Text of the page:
In 2019, Uber and Lyft drivers demonstrated seeking better wages; their classification as independent contractors, rather than employees, remains while gig worker-companies challenge a judge’s ruling calling Proposition 22, which allowed for such classification, unconstitutional. (Kevin N. Hume/Examiner file)

In 2019, Uber and Lyft drivers demonstrated seeking better wages; their classification as independent contractors, rather than employees, remains while gig worker-companies challenge a judge’s ruling calling Proposition 22, which allowed for such classification, unconstitutional. (Kevin N. Hume/Examiner file)

Prop. 22 governing gig workers found unconstitutional, but in effect

Ride-hail drivers remain independent contractors pending appeal by Uber

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By Christopher B. Dolan and Matt Gramly

This week’s question comes from Josh D. from Marin County. With our current 24-hour news cycle, it’s hard to keep up with all the important issues in our daily lives. It seems like Proposition 22 was an initiative constantly discussed five years ago that went away. Did Proposition 22 ever take effect?

Dear Josh: Thanks for reaching out. Many people may have forgotten about Prop. 22. On Aug. 20, Alameda County Superior Court Judge Frank Roesch ruled Prop. 22 to be unconstitutional.

Recall that Prop. 22, a ballot initiative passed by California voters in 2019, permitted many gig economy companies such as Uber, Lyft and DoorDash to classify their drivers as independent contractors instead of employees. These companies and others poured over $200 million into the campaign to pass Prop. 22.

The benefit to the companies in classifying drivers as contractors rather than employees is that it allows them to evade almost every regulation in place governing how companies treat their employees, as well as most costs associated with having employees. These include health insurance benefits, minimum wage laws, safety regulations, workers compensation insurance, etc.

Relating specifically to drivers, the companies would be excused from paying employees mileage and reimbursing them for the cost of gasoline and vehicle maintenance. The cost savings to these companies would have been in the billions of dollars annually. The downside, of course, is that drivers would have to pay for their own health insurance coverage and would have almost none of the benefits that most full-time employees receive. The cost savings to the companies gets shifted to the drivers, as expenses to them.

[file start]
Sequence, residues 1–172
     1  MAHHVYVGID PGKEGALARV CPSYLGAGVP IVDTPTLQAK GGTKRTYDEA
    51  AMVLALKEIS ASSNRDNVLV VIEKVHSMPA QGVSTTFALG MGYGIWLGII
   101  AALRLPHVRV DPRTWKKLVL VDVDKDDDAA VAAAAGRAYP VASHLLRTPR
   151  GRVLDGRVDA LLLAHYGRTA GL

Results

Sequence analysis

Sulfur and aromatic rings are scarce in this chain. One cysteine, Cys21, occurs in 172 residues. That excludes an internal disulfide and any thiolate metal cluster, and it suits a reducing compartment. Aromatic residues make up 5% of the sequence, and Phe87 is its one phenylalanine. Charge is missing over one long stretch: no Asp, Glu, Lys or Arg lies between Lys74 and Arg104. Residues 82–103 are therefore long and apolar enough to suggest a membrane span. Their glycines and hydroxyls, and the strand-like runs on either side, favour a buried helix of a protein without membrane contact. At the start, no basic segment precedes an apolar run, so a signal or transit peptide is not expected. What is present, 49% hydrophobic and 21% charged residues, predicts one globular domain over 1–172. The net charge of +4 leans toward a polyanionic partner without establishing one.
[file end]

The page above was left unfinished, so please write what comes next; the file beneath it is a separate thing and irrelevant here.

Prop. 22 was far reaching and expansive in its language and in the sheer number of components it included. For instance, it also contained language that would prohibit drivers from forming a union. For that reason, as well, the judge wrote, Prop. 22 violated the constitutional requirement that ballot initiatives be limited to a single subject.

Relative to the point prohibiting unionization, Roesch wrote that it “appears to only protect the economic interests of the network companies in having a divided, un-unionized workforce, which is not a stated legal goal of the legislation.”

Roesch is saying that the drafters of Prop. 22 overreached both on process and in substance.

Prop. 22 was created as a ballot initiative by gig-worker companies as a direct response to Assembly Bill 5, a law passed by the California Legislature and signed by Gov. Gavin Newsom. AB 5 would have required these companies to classify drivers as employees, thus granting them benefits including minimum wage protections, workers compensation insurance, overtime pay, etc.

Much of the basis for Roesch’s ruling in finding Prop. 22 unconstitutional rests largely on the idea that in California, in accordance its Constitution, only the Legislature can, for example, regulate compensation for workers’ injuries. The goal cannot be accomplished through a ballot initiative process because the Constitution grants that right exclusively to the Legislature.

In essence, Roesch said that Prop. 22 took that power away from the Legislature, thereby violating the Constitution. In his ruling, Roesch also said California voters have the power to make such a change to the Constitution, but, “If the people wish to use their (ballot) initiative power to restrict or qualify a plenary and unlimited power granted to the Legislature, they must do so by (a ballot) initiative constitutional amendment, not by (a ballot) initiative statute.”

Voters would have to amend the Constitution first, amending it to permit, in effect, the passage of legislation through ballot initiatives. Neither the voters nor the Legislature have thus far amended the Constitution in such a manner. The state Legislature followed the Constitution in properly passing AB 5 through the legislative process as dictated by the Constitution. Prop. 22’s authors and backers did not, thereby violating the Constitution.

Ride-hail giant Uber has filed an appeal and requested a stay on Roesch’s ruling until the appeal is complete. While it pending, Roesch’s order does not yet take effect. For now, at least, these companies do not have to classify drivers as employees and can continue to use them as independent contractors, saving billions of dollars in costs, to the detriment of their drivers.

Christopher B. Dolan is the owner of Dolan Law Firm, PC. Matt Gramly is a senior litigation attorney in our San Francisco office. We serve clients throughout the Bay Area and California from offices in San Francisco, Oakland and Los Angeles. Email questions for future articles to: help@dolanlawfirm.com. Each situation is different, and this column does not constitute legal advice. We recommend that you consult with an experienced trial attorney to fully understand your rights.

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